This debate ( audio | 2:11:20 ) took place in 2014 between The Atheists Experience's Matt Dillahunty and Stanford Humanist Chaplain John Figdor on the Dogma Debate Podcast with David Smalley, the topic was "Are there Objective Morals?"
3 stars: An OK debate on a more unique topic marred by weird attempts to generate more light than heat.
I like the idea of this debate because its between two atheists: popular AXP host Matt Dillahunty and a new person (to me) John Figdor. Dillahunty contends there can be objective moral truths while Figdor disagrees. The host, David Smalley, apparently agrees with Dillahunty.
I've been so used to listening to formal debates that the back and forth part of the program was a bit annoying to me at first. I could flesh this statement out but meh, on to the debate review. Just know that's probably behind my review negative of this debate. I think this might be more fun to a larger audience, actually.
Dillahunty gives a solid opening, bringing up a few different ways humans can ground their morality in an objective manner. He mostly sticks with Sam Harris's views (objective moral facts can be derived from the pursuit of human well-being) but brings up a few others like Rawls' Theory of Justice. It seems one point he makes is that there are multiple ways to go about grounding morality, a point I wish he kind of emphasized a bit more and kept pushing for the rest of the debate.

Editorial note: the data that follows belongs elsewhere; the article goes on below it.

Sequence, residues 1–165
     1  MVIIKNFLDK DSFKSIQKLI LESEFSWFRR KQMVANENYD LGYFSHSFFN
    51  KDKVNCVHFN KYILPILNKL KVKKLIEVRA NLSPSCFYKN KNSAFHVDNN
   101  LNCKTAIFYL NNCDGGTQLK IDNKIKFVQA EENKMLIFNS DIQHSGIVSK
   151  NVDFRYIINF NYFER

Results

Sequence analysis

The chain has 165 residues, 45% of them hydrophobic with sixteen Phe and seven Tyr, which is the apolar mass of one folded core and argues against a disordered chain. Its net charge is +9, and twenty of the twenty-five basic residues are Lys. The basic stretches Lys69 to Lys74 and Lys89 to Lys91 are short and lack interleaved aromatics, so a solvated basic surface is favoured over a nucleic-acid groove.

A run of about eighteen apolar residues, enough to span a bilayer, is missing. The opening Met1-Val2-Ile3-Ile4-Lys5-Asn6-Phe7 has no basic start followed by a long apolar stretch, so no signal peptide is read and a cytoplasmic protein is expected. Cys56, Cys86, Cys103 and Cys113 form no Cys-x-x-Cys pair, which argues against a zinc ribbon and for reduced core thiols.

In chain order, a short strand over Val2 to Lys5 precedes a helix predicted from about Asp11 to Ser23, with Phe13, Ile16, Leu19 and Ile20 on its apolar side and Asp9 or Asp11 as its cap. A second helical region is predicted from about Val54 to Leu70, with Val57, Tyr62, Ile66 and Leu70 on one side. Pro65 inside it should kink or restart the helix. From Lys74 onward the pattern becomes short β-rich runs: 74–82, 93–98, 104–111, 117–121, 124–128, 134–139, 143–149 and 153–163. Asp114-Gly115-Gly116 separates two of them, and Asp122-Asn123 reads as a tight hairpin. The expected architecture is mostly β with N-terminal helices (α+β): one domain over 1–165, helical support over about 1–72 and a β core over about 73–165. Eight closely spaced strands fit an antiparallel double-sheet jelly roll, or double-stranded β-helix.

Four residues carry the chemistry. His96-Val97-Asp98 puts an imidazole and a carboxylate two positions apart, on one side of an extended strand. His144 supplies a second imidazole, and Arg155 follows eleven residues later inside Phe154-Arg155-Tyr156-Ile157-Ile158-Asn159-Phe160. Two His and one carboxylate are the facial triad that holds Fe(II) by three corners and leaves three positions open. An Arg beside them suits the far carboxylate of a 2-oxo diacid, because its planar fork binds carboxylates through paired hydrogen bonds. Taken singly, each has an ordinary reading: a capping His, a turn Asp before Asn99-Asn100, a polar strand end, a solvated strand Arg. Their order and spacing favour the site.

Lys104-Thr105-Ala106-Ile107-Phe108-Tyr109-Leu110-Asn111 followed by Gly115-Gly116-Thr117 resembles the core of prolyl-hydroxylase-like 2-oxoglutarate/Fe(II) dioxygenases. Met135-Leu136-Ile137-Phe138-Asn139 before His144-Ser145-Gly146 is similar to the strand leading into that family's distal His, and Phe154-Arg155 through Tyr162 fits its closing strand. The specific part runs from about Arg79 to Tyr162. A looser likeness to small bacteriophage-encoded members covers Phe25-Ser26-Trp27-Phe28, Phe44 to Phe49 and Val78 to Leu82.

Figdor starts off strong but then kind of muddles through his examples. He agrees that there are objective facts about the world but that there are no objective moral facts. This idea is interesting but it's apparently hard to explain because Figdor attempts to do so with a really bad analogy. He mentions that any man-made right or law, for example, can't be labeled as objective because billions of years from now, in the heat death of the universe, such laws will have no application in reality.
For example, consider the right to an attorney. When the sun explodes and all the attorneys, people needing attorneys, us and everything else are obliterated, such a right is kind of moot.
I don't think Figdor is implying that this means who cares about such rights, then. I assume another analogy could contend that dinosaurs weren't really worried about due process or whatever. But I just think this argument comes off as kind of solipsistic. And Figdor doesn't clarify this too much either...at least not right away and not in a way that meant that Dillahunty didn't end up asking if Figdor even thinks he exists.
Matt, quite rightly, took objection to Figdor's analogy and then there was some back and forth about how things like scientific measurements like the water boiling, etc. Like I mentioned, Figdor seems to be fine with the existence of objective facts, but not objective moral facts because (I think) of their dependence on humans to have any value. However Matt's objection seemed like a missed opportunity or to be focusing too much on the meta-ness of everything. That is, he still wanted to argue about TAG it seems, which is a topic he apparently loves, haha.
Both Matt and Smalley seemed pretty committed to defending Sam Harris, too. Since I'm not a fan of Harris I kind of felt this was focused on a little too much.